OTTAWA, Kan. — An area dog is back home after his owner traveled to Galveston, Texas to pay the people he calls “dog-nappers” ransom.
A chocolate lab named Maggie is the friendly face customers of Central R.V. have come to know and love.
“She just opens up the door with her nose goes over to the gas station and moseys around and puts on the sad face and gets food from people,” said owner Nick Ford.
But Wednesday, March 3rd Maggie never came back. Ford started searching that afternoon an hour or so after Maggie’s disappearance.
“When it was dark, I definitely knew something had gone wrong,” he said.
After some begging of his own, Ford was able to get surveillance video from the neighboring business that showed Maggie walking around the gas station, then go behind it and simply vanish. Ford had already called Ottawa police, but as he watched an RV pull from behind the gas station on the video, that’s where he decided he’d start his own investigation.
“You can clearly see the vehicle come in and out of there and it’s a one of a kind vehicle,” Ford said.
He took to social media offering a $3,000 reward for information or Maggie’s safe return.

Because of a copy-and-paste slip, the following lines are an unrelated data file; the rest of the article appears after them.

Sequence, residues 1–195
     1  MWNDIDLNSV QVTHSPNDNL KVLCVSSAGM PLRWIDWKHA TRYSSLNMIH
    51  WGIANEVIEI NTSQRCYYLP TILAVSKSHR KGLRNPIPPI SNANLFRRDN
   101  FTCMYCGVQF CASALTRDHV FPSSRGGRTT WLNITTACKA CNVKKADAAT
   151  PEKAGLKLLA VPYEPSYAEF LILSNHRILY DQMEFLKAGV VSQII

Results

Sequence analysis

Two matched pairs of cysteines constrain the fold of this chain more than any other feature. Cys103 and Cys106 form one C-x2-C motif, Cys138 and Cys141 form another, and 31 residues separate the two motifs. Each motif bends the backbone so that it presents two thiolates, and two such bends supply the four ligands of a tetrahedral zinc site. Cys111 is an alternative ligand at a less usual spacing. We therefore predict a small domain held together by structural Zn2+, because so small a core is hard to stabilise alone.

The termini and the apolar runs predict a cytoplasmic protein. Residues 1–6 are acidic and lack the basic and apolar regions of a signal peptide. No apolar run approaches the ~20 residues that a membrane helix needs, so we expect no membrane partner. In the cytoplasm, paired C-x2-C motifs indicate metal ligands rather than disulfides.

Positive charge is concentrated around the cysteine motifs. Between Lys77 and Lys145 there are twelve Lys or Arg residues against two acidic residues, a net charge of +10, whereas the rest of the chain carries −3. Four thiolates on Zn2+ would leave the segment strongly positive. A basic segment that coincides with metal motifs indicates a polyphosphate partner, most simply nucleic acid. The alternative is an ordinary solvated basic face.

A couple days later Ford said he got a call from a blocked number, saying they’d found the dog in Texas. But the people who had Maggie said they didn’t have a bank account, Ford was to bring cash for the reward.
“Nothing was adding up that she was telling me, I just played stupid that I just wanted my dog back and I didn’t care what the details were,” Ford said.
Ford hopped in his car and headed to Galveston, Texas, 14 hours away. Everyone back home was holding out hope they’d see Maggie again. A 4-year old daughter of Ford’s co-worker made a drawing for the dog.
“That’s the mean boy, and mean girl and sad Maggie and a heart.”
Ford kept messaging the people holding Maggie online as he drove, who wouldn’t share a phone number, saying they had no phone reception.
Ford recorded the moment he saw his beloved pooch again and was overcome with emotion. He also knew he was about to turn the tables on the people who called themselves heroes.
“I say, ‘before I pay you, could you take a look at this,’ and I pulled out of my backpack full of the multiple Facebook accounts, along with the surveillance video of the vehicle that really stole Maggie, and the one that he’s driving right now, and it was like a deer in headlights,” Ford said.
Ford paid a portion of what he calls ransom and brought Maggie home Tuesday. But he made sure to get a plate number and hopes the dognappers will be brought to justice.
Ottawa Police Captain Adam Weingartner called Maggie’s return a success story and said, “You can never discount the speed of social media.”
Police say they are still working to get that surveillance video and are anxious to speak to Ford about what he’s already uncovered. Anyone with information is asked to call Ottawa Police at (785) 242-1700 or Franklin County Crime Stoppers.